Desmond then went on to say how important it is to involve the youth of Birmingham and that they should hold parts of these powers.

On the topic of powers, Desmond talked about how Birmingham needs to be put back on the map.

“Birmingham is a city that is in reverse right now”.

Desmond went on to talk about how other cities such as Middlesborough have benefited from having a mayor. He spoke of how crime had been reduced and regeneration is in place.

Adam Harrison, a member of the public had written into the Yes to Birmingham Mayor campaign and asked “Transport networks stretch across wider boundaries than cities, so how can an elected Mayor coordinate transport across a wider area than the city of Birmingham?”

Desmond responded to this question by saying that the Mayor will have to look at the global picture of transport and not just Birmingham.

“There needs to be a transport commission for in and around Birmingham, we need to tackle issues such as road safety and look at alternative methods of transport such as motorbikes, cycling etc. We need to take each issue dissect it and not over complicate it. Bottom line is people want to get home quicker, they want to get back to their families quicker.”

Desmond finished by emphasising how important the community of Birmingham are and how the powers that will be given to the mayor should be directed at what the people want and not what others think they need.

By Amrit Pnaiser

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The candidates put forward their agendas

The Birmingham Mail have reported that creating job opportunities and uniting communities is a major priority for the Birmingham mayor candidates and appeared in all agendas.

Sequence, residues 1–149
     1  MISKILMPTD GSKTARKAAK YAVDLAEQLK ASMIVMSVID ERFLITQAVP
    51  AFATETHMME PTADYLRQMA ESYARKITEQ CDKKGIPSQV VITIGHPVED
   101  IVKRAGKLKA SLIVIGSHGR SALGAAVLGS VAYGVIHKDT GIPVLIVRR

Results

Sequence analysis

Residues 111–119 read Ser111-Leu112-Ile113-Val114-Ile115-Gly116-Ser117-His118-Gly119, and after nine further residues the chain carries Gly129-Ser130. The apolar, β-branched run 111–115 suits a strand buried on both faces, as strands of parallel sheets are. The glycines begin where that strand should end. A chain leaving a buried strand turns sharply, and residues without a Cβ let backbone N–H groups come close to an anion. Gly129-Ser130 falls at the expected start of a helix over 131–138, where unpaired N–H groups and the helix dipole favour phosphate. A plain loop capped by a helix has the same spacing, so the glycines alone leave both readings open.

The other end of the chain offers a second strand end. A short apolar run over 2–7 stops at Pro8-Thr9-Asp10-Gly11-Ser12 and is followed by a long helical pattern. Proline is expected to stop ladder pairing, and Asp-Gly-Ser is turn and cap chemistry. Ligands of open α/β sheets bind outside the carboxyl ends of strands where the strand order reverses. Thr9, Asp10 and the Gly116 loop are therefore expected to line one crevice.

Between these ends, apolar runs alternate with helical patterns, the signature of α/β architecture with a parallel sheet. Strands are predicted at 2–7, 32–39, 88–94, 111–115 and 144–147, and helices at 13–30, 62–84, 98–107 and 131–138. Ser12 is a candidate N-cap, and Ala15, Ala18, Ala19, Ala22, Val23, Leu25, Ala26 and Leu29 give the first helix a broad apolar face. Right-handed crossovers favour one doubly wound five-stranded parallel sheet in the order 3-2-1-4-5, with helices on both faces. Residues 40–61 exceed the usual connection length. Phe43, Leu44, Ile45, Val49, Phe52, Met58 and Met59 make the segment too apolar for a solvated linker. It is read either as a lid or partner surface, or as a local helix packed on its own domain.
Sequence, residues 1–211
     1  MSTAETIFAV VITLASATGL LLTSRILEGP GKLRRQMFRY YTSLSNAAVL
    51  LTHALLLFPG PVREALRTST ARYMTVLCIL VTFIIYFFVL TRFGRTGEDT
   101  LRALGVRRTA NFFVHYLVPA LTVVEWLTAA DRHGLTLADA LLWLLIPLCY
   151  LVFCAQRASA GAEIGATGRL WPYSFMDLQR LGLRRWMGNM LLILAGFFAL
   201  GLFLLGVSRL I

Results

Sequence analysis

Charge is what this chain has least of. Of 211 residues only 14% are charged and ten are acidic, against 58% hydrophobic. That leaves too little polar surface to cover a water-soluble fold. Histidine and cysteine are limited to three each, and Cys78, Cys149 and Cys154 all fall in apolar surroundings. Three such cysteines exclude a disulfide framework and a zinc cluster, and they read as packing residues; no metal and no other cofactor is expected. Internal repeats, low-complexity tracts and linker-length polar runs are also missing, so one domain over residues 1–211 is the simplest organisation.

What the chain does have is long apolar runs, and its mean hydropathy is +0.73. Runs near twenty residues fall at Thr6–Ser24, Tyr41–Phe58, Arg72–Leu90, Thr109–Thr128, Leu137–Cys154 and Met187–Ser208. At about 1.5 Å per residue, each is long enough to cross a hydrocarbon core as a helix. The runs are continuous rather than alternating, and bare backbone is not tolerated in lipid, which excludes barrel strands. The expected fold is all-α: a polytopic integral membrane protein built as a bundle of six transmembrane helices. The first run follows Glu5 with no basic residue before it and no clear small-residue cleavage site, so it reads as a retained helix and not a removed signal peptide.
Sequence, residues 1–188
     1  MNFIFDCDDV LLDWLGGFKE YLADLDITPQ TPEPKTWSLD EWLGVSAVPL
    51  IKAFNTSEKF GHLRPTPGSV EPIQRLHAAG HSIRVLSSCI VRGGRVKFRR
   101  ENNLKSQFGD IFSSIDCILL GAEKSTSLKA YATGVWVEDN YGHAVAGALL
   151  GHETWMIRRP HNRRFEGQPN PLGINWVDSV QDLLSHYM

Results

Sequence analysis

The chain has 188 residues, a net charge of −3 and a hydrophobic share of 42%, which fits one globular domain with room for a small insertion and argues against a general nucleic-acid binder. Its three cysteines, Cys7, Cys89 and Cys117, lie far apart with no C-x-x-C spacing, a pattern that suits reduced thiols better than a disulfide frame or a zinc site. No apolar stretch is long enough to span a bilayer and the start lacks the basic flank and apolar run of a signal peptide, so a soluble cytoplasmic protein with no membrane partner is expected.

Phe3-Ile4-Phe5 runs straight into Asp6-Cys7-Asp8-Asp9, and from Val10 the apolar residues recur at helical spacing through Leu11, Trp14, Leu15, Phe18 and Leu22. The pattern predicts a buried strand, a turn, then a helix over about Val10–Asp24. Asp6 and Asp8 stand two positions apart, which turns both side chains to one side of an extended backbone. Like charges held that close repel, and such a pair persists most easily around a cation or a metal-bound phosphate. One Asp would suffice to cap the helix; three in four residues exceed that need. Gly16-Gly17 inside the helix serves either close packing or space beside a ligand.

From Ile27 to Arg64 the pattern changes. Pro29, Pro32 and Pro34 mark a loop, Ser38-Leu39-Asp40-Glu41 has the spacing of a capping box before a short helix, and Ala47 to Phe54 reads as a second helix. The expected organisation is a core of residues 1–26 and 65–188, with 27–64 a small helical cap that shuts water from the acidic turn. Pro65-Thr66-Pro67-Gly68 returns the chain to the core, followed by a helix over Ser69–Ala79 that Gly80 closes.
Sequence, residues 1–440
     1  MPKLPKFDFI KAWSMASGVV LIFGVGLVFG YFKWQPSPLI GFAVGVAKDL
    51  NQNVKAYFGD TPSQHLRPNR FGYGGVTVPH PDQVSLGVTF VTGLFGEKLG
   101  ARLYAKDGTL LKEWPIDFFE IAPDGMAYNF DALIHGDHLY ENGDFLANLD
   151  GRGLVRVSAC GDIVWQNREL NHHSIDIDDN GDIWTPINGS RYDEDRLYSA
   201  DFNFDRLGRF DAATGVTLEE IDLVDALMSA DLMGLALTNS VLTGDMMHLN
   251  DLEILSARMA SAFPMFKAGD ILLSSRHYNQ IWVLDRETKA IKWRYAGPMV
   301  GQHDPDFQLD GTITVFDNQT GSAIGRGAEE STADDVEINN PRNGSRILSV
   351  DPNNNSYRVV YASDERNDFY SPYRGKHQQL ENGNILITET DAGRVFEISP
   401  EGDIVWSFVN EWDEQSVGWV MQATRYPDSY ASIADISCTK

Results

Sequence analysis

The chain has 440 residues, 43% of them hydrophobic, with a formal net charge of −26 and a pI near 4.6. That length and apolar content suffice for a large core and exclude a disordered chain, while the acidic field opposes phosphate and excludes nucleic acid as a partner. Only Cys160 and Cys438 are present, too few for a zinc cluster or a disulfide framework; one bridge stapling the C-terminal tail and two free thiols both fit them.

According to Gisela Stuart and Sion Simon there is a major need to create jobs and wealth within the city as the outcry for opportunity is at an all-time high, with ever increasing prices and an economy in turmoil.

Sir Albert Bore and Mr Jaddoo however seemed more concerned with uniting communities in order to form one umbrella agenda for the city.

Mr Jaddoo spoke of a young person’s charter scheme as being,

“directly linked to the Mayor’s office” and “is something whereby in certain areas of the city we get young people in the city to form groups together and appoint a leader and that leader convenes with the Mayor’s office”.

Mr Jaddoo believes this will help to give young people a voice and to be heard within the world of politics.

Sir Albert Bore who is also concerned with uniting communities has been involved in a number of regeneration schemes and believes that he is the perfect candidate for the role of mayor. He commented,

“I’ve been the leader of the city; I know what these roles and responsibilities are about and therefore what I’d bring in my capacity is the understanding of what the roles and responsibilities are and how those can be taken forward through the political government”.

Many hope like Paul Greatrix (Times Higher Education) that the promise of jobs and community will help students and students unions to focus on cooperation not opposition.

Students unions have always been concerned with politics, especially with the support and representation that students receive, and now also take into consideration core issues of teaching and learning.

We saw this through the student protests on the 9th of November. Students were protesting about the rise in tuition fees but also for the lack of opportunity. Student Danielle Bowen said,

“If there were more job opportunities available for student after university, the impact of the fees may not have come so harshly. The fact is that in order to gain a job we need the education, but only a select few will be able to secure a job once uni’s over due to cuts. We also need jobs now to help us to support ourselves through university.”